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My book (Finite Dimensional Vector Spaces by Halmos) says to redefine (if possible) addition and/or multiplication in order to make $\mathbb{Z}$ a field. The only field proprety that $\mathbb{Z}$ lacks is the existence of a multiplicative inverse. I defined multiplication as normal, with the exception that $\forall ( a \not = 0) a \cdot 2 = 1)$. Since $a \cdot 2 = a \cdot (1+1) = a+a$, I also redefined addition as normal, except in the case of $a+a$, which is always equal to $1$. But I noticed that this gives me a contradiction because we cannot have $0+0=1$.

What is a better way to solve this problem, and more importantly, how can I know that it won't give me a contradiction somewhere?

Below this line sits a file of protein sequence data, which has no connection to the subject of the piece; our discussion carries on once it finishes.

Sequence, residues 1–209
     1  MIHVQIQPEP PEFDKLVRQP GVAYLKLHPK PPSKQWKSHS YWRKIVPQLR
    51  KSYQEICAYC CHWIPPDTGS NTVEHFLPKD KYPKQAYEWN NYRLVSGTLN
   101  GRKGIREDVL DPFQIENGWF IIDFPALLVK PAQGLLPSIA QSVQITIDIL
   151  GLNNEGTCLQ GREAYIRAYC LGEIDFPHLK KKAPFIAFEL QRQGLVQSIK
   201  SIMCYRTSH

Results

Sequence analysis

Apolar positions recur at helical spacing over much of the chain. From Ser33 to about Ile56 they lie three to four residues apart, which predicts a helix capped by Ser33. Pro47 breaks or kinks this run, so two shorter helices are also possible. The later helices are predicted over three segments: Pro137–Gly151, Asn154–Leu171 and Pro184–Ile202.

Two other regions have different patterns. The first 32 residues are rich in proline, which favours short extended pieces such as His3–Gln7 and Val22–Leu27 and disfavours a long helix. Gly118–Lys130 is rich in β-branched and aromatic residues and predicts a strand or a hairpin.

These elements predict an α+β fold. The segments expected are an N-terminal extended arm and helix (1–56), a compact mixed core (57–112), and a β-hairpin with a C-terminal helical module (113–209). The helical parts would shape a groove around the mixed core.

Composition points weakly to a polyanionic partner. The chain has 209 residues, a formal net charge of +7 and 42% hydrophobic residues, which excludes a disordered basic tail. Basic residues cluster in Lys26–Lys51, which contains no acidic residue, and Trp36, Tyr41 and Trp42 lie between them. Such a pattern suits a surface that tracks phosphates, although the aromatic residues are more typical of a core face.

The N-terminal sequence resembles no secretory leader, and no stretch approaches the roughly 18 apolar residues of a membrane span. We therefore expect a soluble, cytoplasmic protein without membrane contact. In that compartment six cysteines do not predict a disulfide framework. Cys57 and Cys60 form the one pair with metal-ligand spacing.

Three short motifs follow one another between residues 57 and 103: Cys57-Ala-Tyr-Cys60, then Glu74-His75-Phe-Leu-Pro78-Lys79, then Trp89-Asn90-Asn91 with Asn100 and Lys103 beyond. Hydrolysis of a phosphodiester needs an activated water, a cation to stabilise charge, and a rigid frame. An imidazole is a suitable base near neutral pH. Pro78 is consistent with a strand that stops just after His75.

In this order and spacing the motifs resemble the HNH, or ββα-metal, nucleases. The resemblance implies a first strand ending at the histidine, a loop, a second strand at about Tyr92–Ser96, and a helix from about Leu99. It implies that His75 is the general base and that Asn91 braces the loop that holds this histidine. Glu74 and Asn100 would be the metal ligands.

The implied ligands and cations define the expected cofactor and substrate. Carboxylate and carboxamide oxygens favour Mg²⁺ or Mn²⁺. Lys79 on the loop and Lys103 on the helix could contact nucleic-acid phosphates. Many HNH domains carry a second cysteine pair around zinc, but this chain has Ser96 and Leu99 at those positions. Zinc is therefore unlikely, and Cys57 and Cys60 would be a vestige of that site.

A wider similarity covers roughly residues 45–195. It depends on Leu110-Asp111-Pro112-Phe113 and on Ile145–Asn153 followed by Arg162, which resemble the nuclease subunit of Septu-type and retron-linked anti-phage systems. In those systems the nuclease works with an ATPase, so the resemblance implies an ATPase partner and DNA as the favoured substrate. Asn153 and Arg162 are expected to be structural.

marked as duplicate by Watson, egreg linear-algebra Aug 31 '16 at 16:25

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    $\begingroup$ Use a bijection $f\colon \mathbb{Q}\to\mathbb{Z}$ and transfer the field operations. $\endgroup$ – egreg Aug 31 '16 at 16:20
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    $\begingroup$ Suppose $a_1 \neq a_2$, then $a_1 \cdot 2 = a_2 \cdot 2 \implies a_1 \cdot 2 \cdot 2 = a_2 \cdot 2 \cdot 2 \implies a_1 \cdot 1 = a_2 \cdot 1 \implies a_1 = a_2$. $\endgroup$ – Sloan Aug 31 '16 at 16:23